Soda PDF is one of our favorite tools for editing PDF files, out of those we’ve tested. It’s available for Windows, Mac, iOS, Android, and online. With an effortless interface, it’s a good choice for quickly editing PDFs in your browser, although the free version does have limitations compared to the Pro edition.
To edit a PDF file in Soda PDF, when you first open your PDF, a contextual dialog box offers three options: View, Edit, and Select Text. Choosing to edit your file from here lets you select an area to alter, clip, crop, or use OCR software tools to ‘read’ the on-screen text.
For more PDF editing options, click Edit along the toolbar. Here, you can add your own text, insert images and links, and adjust page marks.
How to edit PDFs in Nitro PDF Pro
Nitro PDF Pro is another popular PDF editing program, and one of the top alternatives to Acrobat. The program allows for the easy creation and editing of PDFs.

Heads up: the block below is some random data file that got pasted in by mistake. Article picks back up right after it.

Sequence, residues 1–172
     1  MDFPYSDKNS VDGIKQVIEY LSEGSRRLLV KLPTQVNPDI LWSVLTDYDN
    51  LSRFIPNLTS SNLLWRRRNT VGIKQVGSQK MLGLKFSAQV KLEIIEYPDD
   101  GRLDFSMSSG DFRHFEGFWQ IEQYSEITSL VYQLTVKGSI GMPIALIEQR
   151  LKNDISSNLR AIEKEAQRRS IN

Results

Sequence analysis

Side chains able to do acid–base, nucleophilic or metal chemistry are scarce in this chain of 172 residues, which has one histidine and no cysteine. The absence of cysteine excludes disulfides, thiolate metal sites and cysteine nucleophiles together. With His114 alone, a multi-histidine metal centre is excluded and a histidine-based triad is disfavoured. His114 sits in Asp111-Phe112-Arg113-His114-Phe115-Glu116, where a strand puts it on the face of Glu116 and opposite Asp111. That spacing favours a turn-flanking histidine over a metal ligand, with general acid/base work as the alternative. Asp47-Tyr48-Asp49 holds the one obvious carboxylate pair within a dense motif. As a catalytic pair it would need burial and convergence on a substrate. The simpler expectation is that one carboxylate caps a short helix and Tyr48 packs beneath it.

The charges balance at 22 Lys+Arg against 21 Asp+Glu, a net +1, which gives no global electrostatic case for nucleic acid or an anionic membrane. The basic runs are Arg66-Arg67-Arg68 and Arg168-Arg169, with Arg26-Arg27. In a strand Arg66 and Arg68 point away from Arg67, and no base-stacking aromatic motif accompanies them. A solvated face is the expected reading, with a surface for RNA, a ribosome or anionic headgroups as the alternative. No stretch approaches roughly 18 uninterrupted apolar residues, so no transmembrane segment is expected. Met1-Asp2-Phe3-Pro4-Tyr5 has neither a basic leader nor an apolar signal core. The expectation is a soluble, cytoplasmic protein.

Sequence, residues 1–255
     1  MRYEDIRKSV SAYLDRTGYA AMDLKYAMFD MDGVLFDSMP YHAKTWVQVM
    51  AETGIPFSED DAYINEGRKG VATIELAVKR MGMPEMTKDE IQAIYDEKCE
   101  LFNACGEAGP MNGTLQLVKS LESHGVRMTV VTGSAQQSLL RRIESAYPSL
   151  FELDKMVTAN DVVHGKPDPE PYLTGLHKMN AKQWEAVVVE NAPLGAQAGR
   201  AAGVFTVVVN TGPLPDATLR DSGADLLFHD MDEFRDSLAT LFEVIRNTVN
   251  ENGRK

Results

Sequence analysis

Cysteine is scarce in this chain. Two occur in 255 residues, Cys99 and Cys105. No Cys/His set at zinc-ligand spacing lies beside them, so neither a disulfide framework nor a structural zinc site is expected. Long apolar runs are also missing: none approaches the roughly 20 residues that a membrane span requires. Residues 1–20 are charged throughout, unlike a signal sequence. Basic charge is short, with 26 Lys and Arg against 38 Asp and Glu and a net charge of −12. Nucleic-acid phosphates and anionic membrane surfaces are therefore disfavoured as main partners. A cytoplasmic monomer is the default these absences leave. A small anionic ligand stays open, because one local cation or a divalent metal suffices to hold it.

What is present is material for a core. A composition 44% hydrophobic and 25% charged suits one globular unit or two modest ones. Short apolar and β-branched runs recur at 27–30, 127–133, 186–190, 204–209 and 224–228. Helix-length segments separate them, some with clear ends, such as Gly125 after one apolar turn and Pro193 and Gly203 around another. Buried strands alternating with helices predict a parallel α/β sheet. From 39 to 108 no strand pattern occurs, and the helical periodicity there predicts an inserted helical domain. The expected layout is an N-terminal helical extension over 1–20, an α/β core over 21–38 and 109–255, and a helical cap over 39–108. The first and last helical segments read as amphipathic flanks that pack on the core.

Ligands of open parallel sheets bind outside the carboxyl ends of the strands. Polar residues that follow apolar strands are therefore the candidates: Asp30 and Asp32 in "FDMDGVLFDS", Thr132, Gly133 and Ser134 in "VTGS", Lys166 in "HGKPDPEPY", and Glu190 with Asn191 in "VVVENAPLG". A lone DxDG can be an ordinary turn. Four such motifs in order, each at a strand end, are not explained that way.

To make changes to an existing content, select the Correct Text tool. Next, you need to highlight a word, sentence, or even whole paragraphs.
Once this is done, Nitro PDF Pro turns your selection into an editable text box, ready for your alterations. However, we did note in our review that the way to edit a PDF affected line spacing, leading to overlapping paragraphs.
How to edit a PDF file using PDF-XChange Editor
PDF-XChange Editor comes strongly recommended by the TechRadar Pro team - mainly because it’s so easy to use.
To start editing your document, install and open a PDF and click 'Edit' in the toolbar.
If you want to edit text, click 'Text' in the menu that appears. Now, click the text box you wish to edit and it’ll highlight. Next, click and drag the handles to resize it, and type to change the text itself.
Just note: while the free version of PDF-XChange Editor lets you edit pictures by clicking Edit > Images, it’ll place a watermark on the finished file unless you pay for it.
How to edit a PDF with Sejda
Sejda is another excellent pick when it comes to online PDF editors with a host of other tools letting you convert, compress and split PDFs. There’s even an OCR reader. It’s free, but if you’re a power-user, you’ll need to join a payment plan, which unlocks the time limits and other restrictions.